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Cay-Uma-Wa Headstart students and staff visit with board members of the Confederated Tribes of the Umailla Indian Reservation.

Head Start visits BOT

MISSION — Cay-Uma-Wa Head Start students took a trip to the Nixyaawii Governance Center in February to spend time with the Board of Trust-

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of the Umatilla Indian Reservation. The students gathered in the Board's C hambers and although many w e r e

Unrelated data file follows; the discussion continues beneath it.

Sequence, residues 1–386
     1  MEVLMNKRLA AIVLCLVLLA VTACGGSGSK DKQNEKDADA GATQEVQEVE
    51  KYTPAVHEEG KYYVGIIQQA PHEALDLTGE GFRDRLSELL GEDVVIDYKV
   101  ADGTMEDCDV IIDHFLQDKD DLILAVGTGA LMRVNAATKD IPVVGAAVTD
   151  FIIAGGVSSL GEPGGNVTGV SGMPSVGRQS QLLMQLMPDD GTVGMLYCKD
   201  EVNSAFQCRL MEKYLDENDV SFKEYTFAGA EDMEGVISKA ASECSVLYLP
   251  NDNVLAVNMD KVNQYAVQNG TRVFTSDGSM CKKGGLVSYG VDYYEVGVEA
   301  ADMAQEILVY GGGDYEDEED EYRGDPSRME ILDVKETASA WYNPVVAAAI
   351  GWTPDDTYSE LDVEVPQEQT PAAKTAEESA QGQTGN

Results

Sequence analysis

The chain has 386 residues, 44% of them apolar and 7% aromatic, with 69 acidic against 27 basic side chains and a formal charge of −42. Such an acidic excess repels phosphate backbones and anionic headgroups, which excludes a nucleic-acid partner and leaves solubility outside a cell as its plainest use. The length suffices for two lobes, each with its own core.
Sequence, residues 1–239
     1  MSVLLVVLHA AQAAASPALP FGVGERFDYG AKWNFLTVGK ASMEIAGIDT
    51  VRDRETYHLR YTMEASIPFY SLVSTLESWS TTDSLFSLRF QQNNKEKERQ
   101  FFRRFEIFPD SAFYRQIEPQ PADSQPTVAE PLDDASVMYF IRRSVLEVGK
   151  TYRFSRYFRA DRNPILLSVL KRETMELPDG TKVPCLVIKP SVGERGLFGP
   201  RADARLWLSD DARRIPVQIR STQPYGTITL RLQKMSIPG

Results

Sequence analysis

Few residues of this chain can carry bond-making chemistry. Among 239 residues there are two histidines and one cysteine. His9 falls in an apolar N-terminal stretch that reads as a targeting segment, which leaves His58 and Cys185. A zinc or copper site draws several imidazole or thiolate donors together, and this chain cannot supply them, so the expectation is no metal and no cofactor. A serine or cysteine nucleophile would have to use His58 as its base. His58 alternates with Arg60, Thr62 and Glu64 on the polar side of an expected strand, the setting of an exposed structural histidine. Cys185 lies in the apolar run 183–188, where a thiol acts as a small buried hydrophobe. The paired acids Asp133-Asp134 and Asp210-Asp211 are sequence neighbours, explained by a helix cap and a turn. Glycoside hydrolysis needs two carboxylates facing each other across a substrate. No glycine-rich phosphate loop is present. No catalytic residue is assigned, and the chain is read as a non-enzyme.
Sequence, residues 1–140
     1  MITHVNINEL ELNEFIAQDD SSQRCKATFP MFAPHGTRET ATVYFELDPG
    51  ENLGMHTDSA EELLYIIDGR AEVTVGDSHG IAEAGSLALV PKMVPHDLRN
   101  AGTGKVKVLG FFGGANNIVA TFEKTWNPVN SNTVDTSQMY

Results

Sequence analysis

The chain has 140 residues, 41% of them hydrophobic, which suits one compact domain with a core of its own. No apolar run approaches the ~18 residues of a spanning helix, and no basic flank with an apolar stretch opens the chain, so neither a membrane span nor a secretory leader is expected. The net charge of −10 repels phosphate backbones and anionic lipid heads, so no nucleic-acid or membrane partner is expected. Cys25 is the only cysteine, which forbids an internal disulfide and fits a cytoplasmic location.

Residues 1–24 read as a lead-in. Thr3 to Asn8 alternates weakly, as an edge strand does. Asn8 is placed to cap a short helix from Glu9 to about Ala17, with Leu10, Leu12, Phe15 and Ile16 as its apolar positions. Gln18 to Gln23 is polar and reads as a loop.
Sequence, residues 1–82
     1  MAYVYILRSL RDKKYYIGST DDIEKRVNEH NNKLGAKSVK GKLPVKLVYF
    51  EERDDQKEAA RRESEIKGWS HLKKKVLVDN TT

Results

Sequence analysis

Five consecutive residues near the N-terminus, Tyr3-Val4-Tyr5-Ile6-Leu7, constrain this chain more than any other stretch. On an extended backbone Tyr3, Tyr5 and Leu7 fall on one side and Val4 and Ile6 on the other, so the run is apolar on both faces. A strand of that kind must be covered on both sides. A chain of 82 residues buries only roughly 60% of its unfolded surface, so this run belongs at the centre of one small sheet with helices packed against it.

shy at first, once they began using the microphones they had much to say.

T he Board a n s w e r e d q u e s t i o n s

about what they do for a job and who they were. Together the students, staff a nd BOT p a r t i cip ated i n a W a s h at